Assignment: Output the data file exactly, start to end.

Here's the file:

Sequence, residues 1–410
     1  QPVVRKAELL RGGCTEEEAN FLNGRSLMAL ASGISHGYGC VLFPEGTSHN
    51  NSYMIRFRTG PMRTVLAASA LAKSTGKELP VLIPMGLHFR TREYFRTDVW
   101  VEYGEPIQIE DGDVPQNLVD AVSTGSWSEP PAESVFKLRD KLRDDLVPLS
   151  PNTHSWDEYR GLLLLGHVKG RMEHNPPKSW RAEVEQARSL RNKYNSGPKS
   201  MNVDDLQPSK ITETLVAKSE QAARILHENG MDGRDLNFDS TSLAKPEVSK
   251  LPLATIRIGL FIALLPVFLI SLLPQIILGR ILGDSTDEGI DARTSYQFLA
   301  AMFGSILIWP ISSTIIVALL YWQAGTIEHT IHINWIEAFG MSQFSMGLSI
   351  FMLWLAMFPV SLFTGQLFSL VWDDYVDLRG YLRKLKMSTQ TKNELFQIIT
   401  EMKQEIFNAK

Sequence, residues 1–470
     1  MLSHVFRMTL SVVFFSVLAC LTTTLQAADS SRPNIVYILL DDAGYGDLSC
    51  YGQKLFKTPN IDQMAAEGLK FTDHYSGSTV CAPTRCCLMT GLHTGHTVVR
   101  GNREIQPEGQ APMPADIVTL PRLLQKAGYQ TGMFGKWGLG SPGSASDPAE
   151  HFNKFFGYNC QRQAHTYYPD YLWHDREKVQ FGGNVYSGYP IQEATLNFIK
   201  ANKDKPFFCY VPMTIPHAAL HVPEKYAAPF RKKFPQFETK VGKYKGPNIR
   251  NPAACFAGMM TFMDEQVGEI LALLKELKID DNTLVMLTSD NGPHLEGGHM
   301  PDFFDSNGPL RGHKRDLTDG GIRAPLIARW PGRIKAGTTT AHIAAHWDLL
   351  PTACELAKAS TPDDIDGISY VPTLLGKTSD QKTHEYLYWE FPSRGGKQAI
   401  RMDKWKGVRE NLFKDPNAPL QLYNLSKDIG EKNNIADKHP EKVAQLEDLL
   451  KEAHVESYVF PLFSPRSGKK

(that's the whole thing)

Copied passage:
Sequence, residues 1–410
     1  QPVVRKAELL RGGCTEEEAN FLNGRSLMAL ASGISHGYGC VLFPEGTSHN
    51  NSYMIRFRTG PMRTVLAASA LAKSTGKELP VLIPMGLHFR TREYFRTDVW
   101  VEYGEPIQIE DGDVPQNLVD AVSTGSWSEP PAESVFKLRD KLRDDLVPLS
   151  PNTHSWDEYR GLLLLGHVKG RMEHNPPKSW RAEVEQARSL RNKYNSGPKS
   201  MNVDDLQPSK ITETLVAKSE QAARILHENG MDGRDLNFDS TSLAKPEVSK
   251  LPLATIRIGL FIALLPVFLI SLLPQIILGR ILGDSTDEGI DARTSYQFLA
   301  AMFGSILIWP ISSTIIVALL YWQAGTIEHT IHINWIEAFG MSQFSMGLSI
   351  FMLWLAMFPV SLFTGQLFSL VWDDYVDLRG YLRKLKMSTQ TKNELFQIIT
   401  EMKQEIFNAK

Sequence, residues 1–470
     1  MLSHVFRMTL SVVFFSVLAC LTTTLQAADS SRPNIVYILL DDAGYGDLSC
    51  YGQKLFKTPN IDQMAAEGLK FTDHYSGSTV CAPTRCCLMT GLHTGHTVVR
   101  GNREIQPEGQ APMPADIVTL PRLLQKAGYQ TGMFGKWGLG SPGSASDPAE
   151  HFNKFFGYNC QRQAHTYYPD YLWHDREKVQ FGGNVYSGYP IQEATLNFIK
   201  ANKDKPFFCY VPMTIPHAAL HVPEKYAAPF RKKFPQFETK VGKYKGPNIR
   251  NPAACFAGMM TFMDEQVGEI LALLKELKID DNTLVMLTSD NGPHLEGGHM
   301  PDFFDSNGPL RGHKRDLTDG GIRAPLIARW PGRIKAGTTT AHIAAHWDLL
   351  PTACELAKAS TPDDIDGISY VPTLLGKTSD QKTHEYLYWE FPSRGGKQAI
   401  RMDKWKGVRE NLFKDPNAPL QLYNLSKDIG EKNNIADKHP EKVAQLEDLL
   451  KEAHVESYVF PLFSPRSGKK